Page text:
We’ve fallen in love with the little things. Who could ever forget our LAMBs welcoming us in LPEP, “Welcome to Lozol!” with the classic Lasallian accent? And of course, the ever famous Agno Bacsilog–what’s not to love about bacon smothered in cheese sauce and Knorr? We’ve fallen in love with the singing of our Alma Mater Hymn after cheering our hearts out for our athletes. We fell in love with the small, often unexpected and taken-for-granted kind of pleasure in life, the little things that will leave a lasting memory as we depart from college.
We’ve fallen in love with people. We’ve created and nurtured intimate relationships with the people around us. With all that is happening in the world, the election of world leaders with questionable morals, the twisting and turning of our law, war, poverty, hunger, it is too easy and convenient to give up on humanity and believe people are inherently evil. But then you remember these people who continue to bring out the best in you and in what life has to offer. As students, we are keenly aware that without these people, we wouldn’t have gotten to where we are today and where we will be tomorrow.
Thank God for our org mates, thesis mates, barkadas, who were with us through our highs and lows. Thank God for our professors who showed genuine care and effort. There are professors with outstanding PHDs but who no longer have the time to care. My professors were not of the kind–they were tough, they were critical, but they all genuinely cared. Thank God for our family. Our parents for support and love I cannot put into words. Thank you for being patient even if it seems like we can’t make up our minds, thank you for being kind even if we’re cranky because of lack of sleep. Thank you for making us fall in love with you more and more each day. We had fallen in love with people who inspire us to live a purposeful life and take a greater role in society.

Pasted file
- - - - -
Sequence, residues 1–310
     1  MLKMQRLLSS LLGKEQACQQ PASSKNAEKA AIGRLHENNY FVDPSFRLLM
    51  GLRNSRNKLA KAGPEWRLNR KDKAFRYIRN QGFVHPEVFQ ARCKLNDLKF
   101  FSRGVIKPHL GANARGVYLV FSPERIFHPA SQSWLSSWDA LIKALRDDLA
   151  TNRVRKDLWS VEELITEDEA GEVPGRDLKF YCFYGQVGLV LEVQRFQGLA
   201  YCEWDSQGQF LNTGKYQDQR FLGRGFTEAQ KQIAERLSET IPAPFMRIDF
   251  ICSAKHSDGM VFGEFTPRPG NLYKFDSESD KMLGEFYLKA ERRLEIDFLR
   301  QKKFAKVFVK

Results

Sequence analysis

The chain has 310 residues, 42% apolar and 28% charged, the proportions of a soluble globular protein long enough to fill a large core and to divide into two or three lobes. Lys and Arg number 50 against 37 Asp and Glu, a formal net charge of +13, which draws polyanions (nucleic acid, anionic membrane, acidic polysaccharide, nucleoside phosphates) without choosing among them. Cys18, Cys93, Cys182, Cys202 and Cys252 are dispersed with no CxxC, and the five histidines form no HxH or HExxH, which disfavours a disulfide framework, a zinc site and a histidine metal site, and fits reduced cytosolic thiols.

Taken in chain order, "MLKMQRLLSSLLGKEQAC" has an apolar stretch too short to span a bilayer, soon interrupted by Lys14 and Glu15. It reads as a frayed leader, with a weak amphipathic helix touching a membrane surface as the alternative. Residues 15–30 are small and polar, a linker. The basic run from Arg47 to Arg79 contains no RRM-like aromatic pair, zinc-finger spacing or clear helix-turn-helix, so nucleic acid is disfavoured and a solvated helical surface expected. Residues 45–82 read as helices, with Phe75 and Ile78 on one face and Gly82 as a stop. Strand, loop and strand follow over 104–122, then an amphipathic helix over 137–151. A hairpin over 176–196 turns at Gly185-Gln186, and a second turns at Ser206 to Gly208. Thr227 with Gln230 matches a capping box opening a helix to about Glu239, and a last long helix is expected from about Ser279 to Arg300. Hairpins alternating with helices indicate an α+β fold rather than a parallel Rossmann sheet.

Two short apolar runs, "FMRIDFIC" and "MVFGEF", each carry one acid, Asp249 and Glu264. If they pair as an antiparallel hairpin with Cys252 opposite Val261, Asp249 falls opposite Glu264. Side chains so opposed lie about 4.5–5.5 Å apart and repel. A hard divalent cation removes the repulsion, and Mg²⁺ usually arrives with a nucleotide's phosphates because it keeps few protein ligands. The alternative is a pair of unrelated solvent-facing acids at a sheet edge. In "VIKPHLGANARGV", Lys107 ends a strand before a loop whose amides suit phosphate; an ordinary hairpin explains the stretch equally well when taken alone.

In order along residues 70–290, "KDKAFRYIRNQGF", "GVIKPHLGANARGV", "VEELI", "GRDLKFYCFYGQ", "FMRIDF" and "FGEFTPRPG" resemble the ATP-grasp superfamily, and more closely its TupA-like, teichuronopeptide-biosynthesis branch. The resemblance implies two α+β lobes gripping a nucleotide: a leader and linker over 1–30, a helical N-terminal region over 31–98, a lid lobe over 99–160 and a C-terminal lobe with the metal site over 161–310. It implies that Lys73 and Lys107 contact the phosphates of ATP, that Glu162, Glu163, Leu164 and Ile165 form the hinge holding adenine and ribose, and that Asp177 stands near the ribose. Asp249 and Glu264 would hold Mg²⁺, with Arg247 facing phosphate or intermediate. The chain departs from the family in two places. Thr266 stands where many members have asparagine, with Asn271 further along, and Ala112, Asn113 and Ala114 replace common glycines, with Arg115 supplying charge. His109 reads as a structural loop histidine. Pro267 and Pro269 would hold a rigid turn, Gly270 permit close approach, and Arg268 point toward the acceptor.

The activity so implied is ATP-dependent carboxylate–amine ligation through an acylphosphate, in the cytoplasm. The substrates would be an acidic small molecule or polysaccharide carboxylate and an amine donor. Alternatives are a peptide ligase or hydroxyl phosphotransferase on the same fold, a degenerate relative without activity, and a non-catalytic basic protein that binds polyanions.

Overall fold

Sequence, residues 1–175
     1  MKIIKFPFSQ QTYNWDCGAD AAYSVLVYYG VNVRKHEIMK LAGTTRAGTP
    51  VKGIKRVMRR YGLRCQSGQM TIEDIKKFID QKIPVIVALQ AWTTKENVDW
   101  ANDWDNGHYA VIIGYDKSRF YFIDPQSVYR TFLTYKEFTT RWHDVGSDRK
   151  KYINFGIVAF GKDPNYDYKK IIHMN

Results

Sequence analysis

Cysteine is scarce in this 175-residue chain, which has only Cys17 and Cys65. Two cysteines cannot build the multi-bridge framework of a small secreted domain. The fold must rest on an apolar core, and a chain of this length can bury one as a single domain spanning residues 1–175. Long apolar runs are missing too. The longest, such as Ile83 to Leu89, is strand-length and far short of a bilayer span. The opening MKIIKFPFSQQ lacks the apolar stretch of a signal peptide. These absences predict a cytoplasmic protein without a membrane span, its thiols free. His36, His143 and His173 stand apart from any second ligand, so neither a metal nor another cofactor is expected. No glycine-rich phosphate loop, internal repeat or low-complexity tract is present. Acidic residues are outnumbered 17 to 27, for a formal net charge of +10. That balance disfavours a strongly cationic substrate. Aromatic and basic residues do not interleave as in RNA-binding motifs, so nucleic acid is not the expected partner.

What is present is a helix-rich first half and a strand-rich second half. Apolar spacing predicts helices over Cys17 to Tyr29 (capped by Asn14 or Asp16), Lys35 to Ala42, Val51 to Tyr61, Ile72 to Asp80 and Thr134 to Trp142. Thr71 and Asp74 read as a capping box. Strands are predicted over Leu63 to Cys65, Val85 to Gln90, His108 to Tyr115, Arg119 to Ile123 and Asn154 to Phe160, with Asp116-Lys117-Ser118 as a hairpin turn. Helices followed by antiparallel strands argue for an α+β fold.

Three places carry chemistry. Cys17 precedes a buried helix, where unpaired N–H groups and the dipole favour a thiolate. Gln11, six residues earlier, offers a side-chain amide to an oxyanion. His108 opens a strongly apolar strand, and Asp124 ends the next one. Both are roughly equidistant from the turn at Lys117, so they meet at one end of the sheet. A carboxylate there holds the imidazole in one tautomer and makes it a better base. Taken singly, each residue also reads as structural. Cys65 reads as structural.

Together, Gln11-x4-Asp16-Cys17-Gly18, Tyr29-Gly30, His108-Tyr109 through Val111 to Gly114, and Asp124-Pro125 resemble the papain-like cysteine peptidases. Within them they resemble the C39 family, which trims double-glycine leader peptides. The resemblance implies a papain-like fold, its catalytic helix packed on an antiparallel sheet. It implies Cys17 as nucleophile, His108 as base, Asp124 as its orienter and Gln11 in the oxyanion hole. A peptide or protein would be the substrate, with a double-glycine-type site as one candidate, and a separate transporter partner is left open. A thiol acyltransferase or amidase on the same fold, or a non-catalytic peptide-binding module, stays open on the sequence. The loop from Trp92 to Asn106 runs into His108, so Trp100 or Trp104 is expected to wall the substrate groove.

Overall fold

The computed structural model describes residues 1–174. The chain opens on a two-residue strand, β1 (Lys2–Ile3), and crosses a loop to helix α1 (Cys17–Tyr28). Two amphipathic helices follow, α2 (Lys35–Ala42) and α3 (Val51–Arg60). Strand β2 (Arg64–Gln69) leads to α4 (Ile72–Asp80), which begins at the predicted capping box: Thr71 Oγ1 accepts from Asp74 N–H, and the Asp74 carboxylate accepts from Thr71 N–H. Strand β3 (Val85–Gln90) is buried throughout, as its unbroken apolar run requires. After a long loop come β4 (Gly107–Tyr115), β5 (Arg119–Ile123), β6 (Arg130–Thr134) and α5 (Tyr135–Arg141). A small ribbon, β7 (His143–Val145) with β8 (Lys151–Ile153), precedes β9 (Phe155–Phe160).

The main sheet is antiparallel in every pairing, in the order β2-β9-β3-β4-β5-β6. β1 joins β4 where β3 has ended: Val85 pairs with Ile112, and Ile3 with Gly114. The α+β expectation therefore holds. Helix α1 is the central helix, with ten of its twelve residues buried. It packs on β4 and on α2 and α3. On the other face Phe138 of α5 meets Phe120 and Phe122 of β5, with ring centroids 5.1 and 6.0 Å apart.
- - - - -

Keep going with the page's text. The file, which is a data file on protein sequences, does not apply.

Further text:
In today’s tumultuous times, what’s great is the Lasallian youth falling in love with people, standing up for those causes that do not even benefit his or her own. We see the youth standing up for the LGBT community, the people of color, the people afflicted by mental disorders, the people who need the extra voices to be heard. We see the youth now fighting for those who fought this same battle 31 years ago today, even if they say we were not born to feel their pain. But that’s the beauty of falling in love: pain is shared and is resonated as we fight for those who cannot fight anymore.